Nice enough campsites, but no privacy. Good hiking trails.
Nice enough to get away from the city - firewood from the park itself was damp and unlightable.
Thought we'd be sleeping in the car in a parking lot after the laser light show at the Grand Coulee Dam, but we found a spot at this nice campground just a fe miles away. Nice, but nothing too special.
Nestled in a beautiful area. Campground was a little 'urban' with little privacy, but it was nice enough for travelling through. Check out the bay and make sure to explore Cape Arago.
Couldn't have hoped for a nicer campground. Quiet, but not too far off of 101. Right along the Rogue River so you get to watch 'Mailboat' tours go by - lots of fun for the kids. Good rock hunting as well. Will definitely go back to this one. Make sure to check out the biggest Myrtle tree nearby.
Stumbled onto this one while looking at a map. Nice county campground right next to a big lagoon. Large spots for tents and lots of privacy. However, the night that we stayed (late summer) found a huge party happening in the north end of the park. It didn't bother us much as we were far enough away (felt sorry for the folks who's campsites were nearby), but it was strange that such a wild party could happen in a county park. Regardless, a nice hidden gem.
Privacy, amenities, comfort, Redwoods.. truly a crown jewel of Northern California camping. Reservations long in advance needed.
This is a campground for folks who don't go camping that often. All the comforts (showers, etc.) but your next door neighbor's tent is less than 20 feet away and there's very few trees. Zero privacy. Feels like camping at a music festival without the good music.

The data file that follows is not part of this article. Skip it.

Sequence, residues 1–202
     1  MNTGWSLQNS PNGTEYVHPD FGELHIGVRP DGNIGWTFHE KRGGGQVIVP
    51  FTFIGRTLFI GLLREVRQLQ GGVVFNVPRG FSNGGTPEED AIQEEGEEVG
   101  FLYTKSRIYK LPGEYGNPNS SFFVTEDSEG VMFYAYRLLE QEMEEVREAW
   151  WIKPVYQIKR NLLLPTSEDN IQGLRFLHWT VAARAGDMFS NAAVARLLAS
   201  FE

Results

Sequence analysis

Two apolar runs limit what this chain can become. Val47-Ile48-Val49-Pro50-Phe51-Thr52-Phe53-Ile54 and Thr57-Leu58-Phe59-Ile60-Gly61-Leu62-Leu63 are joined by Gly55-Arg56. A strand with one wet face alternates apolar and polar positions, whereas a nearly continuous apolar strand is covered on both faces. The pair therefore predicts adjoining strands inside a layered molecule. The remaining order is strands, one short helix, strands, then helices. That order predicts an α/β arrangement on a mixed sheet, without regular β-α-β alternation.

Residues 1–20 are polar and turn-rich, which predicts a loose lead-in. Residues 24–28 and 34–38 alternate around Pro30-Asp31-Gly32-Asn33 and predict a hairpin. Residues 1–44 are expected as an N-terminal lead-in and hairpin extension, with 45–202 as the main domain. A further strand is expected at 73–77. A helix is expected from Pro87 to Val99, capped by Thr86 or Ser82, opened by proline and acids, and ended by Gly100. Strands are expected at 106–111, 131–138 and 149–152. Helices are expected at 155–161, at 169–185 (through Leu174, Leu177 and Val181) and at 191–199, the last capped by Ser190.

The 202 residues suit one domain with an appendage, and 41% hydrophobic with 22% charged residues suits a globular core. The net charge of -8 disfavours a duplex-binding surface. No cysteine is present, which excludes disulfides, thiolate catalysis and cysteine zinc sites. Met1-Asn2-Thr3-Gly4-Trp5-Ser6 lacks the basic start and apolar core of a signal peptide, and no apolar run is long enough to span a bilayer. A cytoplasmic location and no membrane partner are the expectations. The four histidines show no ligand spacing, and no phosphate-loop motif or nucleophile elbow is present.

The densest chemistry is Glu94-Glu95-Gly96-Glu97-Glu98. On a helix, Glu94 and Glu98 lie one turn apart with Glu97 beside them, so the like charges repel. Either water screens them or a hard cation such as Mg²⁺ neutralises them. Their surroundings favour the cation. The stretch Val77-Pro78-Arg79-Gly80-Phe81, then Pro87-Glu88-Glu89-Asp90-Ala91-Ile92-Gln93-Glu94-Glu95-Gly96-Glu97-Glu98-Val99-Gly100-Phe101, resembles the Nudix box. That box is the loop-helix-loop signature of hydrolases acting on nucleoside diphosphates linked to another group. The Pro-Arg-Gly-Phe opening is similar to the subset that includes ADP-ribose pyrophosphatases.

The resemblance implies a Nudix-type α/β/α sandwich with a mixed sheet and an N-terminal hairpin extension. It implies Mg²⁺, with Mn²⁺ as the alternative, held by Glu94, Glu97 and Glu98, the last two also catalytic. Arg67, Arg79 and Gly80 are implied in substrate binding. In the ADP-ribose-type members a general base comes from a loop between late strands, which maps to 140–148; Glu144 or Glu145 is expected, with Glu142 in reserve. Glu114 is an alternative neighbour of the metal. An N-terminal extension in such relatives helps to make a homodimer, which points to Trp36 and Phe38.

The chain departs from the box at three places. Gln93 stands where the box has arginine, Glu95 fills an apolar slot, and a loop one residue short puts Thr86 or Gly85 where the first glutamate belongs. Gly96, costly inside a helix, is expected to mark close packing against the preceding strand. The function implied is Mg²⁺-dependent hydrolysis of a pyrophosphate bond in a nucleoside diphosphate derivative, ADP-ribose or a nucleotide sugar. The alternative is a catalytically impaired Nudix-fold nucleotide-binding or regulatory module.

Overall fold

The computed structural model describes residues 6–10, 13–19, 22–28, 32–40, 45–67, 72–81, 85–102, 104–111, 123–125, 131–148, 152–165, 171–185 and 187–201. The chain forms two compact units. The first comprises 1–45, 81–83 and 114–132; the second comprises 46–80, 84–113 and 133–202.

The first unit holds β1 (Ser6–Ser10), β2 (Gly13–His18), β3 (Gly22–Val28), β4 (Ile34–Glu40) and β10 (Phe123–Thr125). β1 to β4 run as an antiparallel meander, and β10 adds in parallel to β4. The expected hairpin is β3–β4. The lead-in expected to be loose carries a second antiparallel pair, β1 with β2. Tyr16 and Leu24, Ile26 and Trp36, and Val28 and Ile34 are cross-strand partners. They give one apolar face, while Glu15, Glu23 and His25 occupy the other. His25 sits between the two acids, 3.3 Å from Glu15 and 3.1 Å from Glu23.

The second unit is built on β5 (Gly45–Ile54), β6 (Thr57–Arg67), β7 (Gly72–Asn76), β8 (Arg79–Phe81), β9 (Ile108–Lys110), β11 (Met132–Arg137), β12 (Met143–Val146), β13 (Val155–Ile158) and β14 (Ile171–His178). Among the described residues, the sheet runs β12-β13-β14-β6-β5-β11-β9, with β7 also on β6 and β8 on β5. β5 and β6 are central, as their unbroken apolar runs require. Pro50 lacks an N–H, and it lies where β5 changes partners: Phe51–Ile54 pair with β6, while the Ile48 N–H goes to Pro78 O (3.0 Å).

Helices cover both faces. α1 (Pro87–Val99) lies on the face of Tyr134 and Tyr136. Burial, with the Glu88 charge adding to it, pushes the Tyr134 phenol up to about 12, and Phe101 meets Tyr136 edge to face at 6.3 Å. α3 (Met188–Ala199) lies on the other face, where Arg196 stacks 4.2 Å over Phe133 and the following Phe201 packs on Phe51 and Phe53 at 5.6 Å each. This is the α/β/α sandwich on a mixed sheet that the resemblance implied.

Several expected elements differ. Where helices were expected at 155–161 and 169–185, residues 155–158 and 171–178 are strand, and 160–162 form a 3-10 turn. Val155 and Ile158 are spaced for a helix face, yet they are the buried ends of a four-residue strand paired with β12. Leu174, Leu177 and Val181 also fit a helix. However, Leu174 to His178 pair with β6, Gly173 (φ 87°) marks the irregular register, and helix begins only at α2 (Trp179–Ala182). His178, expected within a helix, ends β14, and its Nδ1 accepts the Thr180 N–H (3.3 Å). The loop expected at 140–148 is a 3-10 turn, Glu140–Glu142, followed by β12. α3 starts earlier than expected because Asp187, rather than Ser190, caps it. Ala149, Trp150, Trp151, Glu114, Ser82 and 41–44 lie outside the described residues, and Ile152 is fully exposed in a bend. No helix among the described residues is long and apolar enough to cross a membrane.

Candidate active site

The ocean is super close however and the town of Manzanita is a real treat.
Not a lot of privacy, but the location makes up for it. Make sure to check out the lighthouses and spend some time at Waikiki Beach - a strange freshwater (it's still the Columbia River) beach with huge ocean waves and a lot of cool driftwood.
Hit this one in April so we didn't need a reservation (though I am pretty sure you need one during the summer season). A well appointed campground with showers and big spots for tents. Bring your bike! I think there's close to seven miles of bike trails that lead you to most of the attractions at the park. Be sure to check out the fort itself and the wreck of the Peter Iredale.
Ended up here after getting skunked at Nehalem Falls and Nehalem Bay. Got the last campsite available (it was Friday evening) and as luck would have it it was just a few feet from the ocean!
Campground was comfortable, but had a bit of an 'urban' feel as the campsites were pretty crammed in there. Another issue, which is the main reason I only give three stars, is that there's a buoy at the end of the jetty that let's out a wail every ten minutes or so. A little hard to feel like you're in nature with a siren going off, but you get somewhat used to it.
A family favorite. A quiet campsite set along Trout Lake Creek in a deeply wooded area. Road to the campground can be a bit rough, but most cars should be fine. Is filling up pretty regularly on the weekends now.
Truly one of our favorite campgrounds in the Pacific Northwest. All of the campsites are very nice (though try to avoid the campsite nearest the dumpster as you will get an occasional smell of garbage). Make sure to spend plenty of time down by the river and take an hour to slowly walk the small loop trail.
Five or six years ago one could easily get a campsite on Friday evening, but last year (2015) we were unable to get a camping spot on a Tuesday morning! I asked the camp host why this was and he told me that the campground was featured on an outdoor show a couple of years ago and has been full ever since. Sad to have 'lost' our favorite campground, but it is still great for day trips from Portland.